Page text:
Saturday, 8 December 2007

Stolen Ski Gear

As I mentioned in my post yesterday I am back in Arinsal and following the paper chase of getting a work permit. There is not a lot of interest to be written about that, so I will use the next few posts to write a bit more about my fortnight in Tignes race training. I keep hearing reports about how much snow there is there now, and how they have had to cancel the training and go skiing powder. How my heart bleeds for them...

Anyway, I thought I would share my thoughts on security in the mountains. Not in the European sense of mountain safety, but in the sense of avoiding having your gear stolen. This is prompted by the fact that I had a rucksack stolen last week, containing my trainers, sunglasses, spare clothes and lunch. The same day, I know of at least one person who had his skis stolen. Unfortunately the setup of most ski resorts makes things far too easy for the dishonest amongst us (this is where I'm ready to type a string of expletives, but I'm trying to keep the blog clean so I'll grit my teeth and continue). Everybody who goes up the mountain has at least one valuable item with them - a pair of skis - and most people will stop to eat or drink in a mountain restaurant at some point. Since mountain restaurants do not generally allow skis inside, large numbers of skis are left leaning against the wallsoutside, just waiting for some nasty so-and-so to walk off with them.

So, what can we do - the simplest way to make life a little more difficult for the thieves is simply to split pairs of skis. This takes a second to do but hardly anybody does it. Just swap one ski with a friend and put the two odd pairs in different racks. The would be thief then has to hunt for two pairs before they can steal one, and will most likely not bother. If everybody split their skis it would be a lot harder for the bad people (running out of polite synonyms now) to get away with anything. This doesn't help the snowboarders much - probably the best thing there is to invest in a cable lock and run it through the bindings. And if you are on a training course or camp and have to leave a bag somewhere (like me), the top of the lane or the bottom of the park might be a better place than the restaurant as more people from your group will be passing it.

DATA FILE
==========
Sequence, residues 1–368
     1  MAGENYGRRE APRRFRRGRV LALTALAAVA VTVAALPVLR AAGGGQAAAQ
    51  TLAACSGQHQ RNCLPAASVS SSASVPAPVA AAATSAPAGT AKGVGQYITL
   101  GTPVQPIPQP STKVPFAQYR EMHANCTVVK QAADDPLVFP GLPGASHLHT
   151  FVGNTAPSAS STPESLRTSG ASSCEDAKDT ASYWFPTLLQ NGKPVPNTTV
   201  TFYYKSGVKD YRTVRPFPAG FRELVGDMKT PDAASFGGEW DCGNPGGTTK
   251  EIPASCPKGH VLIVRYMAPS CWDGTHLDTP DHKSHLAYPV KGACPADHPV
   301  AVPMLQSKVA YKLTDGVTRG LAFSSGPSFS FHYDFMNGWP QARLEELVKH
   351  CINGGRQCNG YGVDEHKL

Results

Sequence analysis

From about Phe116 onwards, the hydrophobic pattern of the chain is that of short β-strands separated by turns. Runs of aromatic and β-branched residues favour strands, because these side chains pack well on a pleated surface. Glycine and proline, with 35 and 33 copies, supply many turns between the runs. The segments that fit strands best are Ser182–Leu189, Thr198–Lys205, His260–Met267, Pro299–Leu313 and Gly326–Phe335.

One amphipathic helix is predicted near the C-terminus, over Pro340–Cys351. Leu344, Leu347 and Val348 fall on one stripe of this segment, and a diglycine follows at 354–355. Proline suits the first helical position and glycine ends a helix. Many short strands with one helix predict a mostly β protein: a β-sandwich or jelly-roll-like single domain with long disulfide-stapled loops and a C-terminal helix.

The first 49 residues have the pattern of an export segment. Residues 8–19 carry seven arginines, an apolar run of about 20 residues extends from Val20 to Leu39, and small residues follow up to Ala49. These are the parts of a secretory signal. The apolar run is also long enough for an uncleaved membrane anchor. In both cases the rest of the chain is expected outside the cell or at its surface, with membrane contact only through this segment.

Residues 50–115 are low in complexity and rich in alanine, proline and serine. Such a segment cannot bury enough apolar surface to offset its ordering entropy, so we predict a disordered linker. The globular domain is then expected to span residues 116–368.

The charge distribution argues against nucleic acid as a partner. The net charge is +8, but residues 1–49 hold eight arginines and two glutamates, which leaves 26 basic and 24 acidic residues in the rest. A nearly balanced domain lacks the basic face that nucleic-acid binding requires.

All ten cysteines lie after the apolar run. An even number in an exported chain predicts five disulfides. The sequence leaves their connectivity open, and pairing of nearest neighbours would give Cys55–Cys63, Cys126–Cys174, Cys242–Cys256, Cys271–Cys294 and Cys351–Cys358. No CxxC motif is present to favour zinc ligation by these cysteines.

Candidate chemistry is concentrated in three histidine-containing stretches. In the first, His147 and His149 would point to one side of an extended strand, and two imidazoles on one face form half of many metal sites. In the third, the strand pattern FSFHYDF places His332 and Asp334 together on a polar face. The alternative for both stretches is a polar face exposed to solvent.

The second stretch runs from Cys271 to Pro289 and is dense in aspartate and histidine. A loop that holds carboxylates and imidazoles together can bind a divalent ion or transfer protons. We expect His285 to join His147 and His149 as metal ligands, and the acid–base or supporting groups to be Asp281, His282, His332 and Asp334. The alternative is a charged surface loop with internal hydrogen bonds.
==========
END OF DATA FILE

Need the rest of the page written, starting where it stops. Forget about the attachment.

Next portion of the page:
So, back to Arinsal where tonight El Cau, a bar in the village, are having their second opening party for the season. The reason I mention this is that they have been advertising it on RTVA, the Andorran TV channel, all yesterday and today. It is not often that I get to go to a party advertised on national TV - never in England, but this is Andorra. I will leave you with a photo of the bar in question one (beach) party night last year.


  1. Recently ONE of my skis was stolen. Yes ONE. My friend and I split our skis and some jerk stole one of the sets, meaning we both lost one ski. This ruined two pairs of nice skis. You would think you would be safe if you split them, but I guess the people who steal skis are so stupid anyway they sometimes don't even notice what they're stealing. I can't even describe how angry I am. My poles were stolen too.

  2. So sorry to hear about your ski gear. Hopefully, ski resorts, restaurants, and other establishments will realise their mistakes and take some steps to protect their clients' skis and other belongings.